Profile Image for Andrea.
624 reviews14 followers
December 26, 2021
Why magic?

If you've ever read a book with magic and wondered where the magic came from and why it works and how it works, you might enjoy the mind-bending adventure of this book.
1 review
March 11, 2023
Absolutely superb example of hard fantasy, where not only is 'magic' presented and investigated from a scientific perspective, but in the end becomes a central focus of the plot and story. Qntm is indeed a fantasy/scifi writer of the 21st century not to be missed.
Profile Image for Daniel Bensen.
Author 18 books60 followers
July 31, 2020
After reading Fine Structure I went on a feverish search for other books by Sam Hughes. And I found out he wrote another book after Fine Structure, and it was even better.

If Fine Structure was about “what if technology were a lot harder?,” Ra is the just-as-horrifying opposite extreme. Some time in the 1970s, a retired Indian mathematician attempts to “optimize” a mantra for use in meditation. And the mantra does something.

Magic is a branch of applied science, rather like electrical engineering or computer science if you could use it to kill people with your mind. Don’t worry, though, getting to the stage of mind-killing requires a PhD.

Sam Hughes has worked everything out. The meaning of the various Words of Power, the accent you have to use when you pronounce them, the look and feel of the written language that represents them and the mystical talismans – ahem! I mean, “the precision industrial equipment” – that wizards can use to manipulate the forces of nature. He’s figured out what wizards do to unwind (bojutsu, because it helps hone their staff-wielding skills), the boring jobs wizards get in industry, the dreams they have for more. Sam Hughes has created something just on the edge of being real, and then he brings it crashing down in a very exciting way.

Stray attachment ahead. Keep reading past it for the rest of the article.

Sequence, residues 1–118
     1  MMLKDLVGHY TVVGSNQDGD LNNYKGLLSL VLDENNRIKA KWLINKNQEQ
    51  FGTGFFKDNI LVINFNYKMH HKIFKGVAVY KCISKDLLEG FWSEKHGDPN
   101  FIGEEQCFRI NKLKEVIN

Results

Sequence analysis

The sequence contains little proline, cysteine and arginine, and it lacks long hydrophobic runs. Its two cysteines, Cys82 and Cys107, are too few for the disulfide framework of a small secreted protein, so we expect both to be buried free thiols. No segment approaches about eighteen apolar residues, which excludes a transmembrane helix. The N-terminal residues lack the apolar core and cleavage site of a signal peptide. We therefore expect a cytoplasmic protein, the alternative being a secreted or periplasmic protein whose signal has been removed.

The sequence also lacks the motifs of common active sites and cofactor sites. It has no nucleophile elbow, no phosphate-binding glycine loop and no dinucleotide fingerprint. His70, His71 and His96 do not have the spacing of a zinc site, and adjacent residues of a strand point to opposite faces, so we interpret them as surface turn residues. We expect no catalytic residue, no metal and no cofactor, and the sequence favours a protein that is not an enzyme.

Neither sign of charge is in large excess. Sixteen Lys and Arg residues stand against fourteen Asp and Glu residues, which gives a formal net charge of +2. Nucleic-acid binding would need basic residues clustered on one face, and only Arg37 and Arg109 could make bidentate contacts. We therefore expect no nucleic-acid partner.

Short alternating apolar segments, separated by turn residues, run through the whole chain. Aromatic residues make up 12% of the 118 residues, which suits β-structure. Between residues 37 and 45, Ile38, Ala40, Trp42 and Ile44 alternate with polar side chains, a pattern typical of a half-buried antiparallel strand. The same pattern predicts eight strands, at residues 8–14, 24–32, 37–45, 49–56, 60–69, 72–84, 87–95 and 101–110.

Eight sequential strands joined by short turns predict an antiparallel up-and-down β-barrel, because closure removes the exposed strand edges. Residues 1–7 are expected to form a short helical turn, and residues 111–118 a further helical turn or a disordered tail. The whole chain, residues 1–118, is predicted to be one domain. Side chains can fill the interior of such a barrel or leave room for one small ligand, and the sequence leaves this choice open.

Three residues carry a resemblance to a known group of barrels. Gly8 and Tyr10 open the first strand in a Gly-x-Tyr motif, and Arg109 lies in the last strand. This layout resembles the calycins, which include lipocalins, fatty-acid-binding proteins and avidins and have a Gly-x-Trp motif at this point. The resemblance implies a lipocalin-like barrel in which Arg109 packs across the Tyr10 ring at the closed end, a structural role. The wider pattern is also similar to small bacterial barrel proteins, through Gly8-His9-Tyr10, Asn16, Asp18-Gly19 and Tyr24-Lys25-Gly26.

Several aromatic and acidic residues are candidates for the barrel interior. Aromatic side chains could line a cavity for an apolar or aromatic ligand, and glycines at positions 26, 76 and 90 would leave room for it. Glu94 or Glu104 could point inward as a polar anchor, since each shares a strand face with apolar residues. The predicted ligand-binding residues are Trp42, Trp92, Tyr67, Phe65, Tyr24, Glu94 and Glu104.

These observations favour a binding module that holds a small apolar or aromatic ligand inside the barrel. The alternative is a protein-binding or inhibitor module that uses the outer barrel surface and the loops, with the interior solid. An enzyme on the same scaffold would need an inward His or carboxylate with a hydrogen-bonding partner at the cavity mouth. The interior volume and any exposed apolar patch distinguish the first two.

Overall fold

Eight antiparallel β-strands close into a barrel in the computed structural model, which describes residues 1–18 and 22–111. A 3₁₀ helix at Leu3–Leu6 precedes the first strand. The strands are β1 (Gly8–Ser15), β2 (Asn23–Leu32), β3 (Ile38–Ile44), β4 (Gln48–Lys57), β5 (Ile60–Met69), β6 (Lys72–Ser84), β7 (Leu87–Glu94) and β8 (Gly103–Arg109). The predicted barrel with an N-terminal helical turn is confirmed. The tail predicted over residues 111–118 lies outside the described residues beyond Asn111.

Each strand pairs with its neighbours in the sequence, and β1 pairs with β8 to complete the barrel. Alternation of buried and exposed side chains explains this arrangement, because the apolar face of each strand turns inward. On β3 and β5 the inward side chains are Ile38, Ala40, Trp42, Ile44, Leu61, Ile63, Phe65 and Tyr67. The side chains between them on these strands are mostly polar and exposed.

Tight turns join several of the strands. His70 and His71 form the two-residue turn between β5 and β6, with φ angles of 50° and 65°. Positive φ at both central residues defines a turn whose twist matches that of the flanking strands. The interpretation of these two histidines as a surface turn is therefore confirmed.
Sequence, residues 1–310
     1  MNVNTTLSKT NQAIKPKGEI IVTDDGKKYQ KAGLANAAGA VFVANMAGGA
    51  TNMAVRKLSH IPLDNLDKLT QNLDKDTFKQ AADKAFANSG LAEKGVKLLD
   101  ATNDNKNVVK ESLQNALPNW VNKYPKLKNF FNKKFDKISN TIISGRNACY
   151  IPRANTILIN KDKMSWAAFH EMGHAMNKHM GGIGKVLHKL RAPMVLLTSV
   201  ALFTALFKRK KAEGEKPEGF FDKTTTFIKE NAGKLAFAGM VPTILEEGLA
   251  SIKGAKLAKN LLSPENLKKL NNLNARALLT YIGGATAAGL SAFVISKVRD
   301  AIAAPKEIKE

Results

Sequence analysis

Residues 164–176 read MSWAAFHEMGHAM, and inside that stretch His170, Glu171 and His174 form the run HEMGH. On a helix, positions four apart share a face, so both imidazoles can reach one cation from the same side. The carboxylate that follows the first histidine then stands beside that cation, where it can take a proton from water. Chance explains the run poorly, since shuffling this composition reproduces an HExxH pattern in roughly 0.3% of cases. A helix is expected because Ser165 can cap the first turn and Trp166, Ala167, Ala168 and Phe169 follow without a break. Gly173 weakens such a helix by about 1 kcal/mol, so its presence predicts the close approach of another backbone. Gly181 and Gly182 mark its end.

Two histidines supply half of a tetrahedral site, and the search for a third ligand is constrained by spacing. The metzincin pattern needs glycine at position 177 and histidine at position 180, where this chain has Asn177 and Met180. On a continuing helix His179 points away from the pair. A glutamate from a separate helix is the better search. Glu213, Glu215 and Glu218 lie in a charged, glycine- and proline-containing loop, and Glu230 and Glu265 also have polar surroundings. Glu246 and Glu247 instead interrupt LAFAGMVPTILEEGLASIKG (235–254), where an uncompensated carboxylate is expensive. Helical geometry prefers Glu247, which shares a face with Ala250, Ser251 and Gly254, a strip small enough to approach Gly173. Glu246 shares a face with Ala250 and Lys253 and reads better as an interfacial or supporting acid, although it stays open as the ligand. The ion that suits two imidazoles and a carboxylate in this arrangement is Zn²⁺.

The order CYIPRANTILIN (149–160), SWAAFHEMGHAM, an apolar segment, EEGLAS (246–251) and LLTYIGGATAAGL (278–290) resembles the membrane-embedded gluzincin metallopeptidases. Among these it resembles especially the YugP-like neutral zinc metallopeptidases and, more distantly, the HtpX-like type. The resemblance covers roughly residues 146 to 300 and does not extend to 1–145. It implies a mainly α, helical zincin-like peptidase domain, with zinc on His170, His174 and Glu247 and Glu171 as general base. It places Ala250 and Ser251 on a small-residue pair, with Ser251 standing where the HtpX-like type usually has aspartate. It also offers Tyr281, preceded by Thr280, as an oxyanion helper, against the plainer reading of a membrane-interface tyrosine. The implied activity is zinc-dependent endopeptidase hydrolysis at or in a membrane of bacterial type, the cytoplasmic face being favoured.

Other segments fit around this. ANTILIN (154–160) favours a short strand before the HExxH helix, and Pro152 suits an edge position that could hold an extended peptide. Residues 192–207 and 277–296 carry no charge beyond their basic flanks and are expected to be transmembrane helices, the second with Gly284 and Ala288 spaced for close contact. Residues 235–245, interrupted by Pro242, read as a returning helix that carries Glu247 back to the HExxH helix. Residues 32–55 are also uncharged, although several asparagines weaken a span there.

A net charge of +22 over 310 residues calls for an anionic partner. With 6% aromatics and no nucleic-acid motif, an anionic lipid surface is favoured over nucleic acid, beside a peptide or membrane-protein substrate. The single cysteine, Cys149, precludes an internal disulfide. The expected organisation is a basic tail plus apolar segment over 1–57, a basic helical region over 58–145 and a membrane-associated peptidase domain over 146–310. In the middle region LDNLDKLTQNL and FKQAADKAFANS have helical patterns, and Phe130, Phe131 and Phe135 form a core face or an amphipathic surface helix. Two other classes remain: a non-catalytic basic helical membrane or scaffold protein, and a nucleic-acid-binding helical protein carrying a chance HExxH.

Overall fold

If you’ve read Sam Hughes before, you know it’s not a question of whether the Earth will be destroyed, it’s a question of how many times.

Nota Bene: I read both the official ending and the alternate one, and I actually like the alternate one better.
53 reviews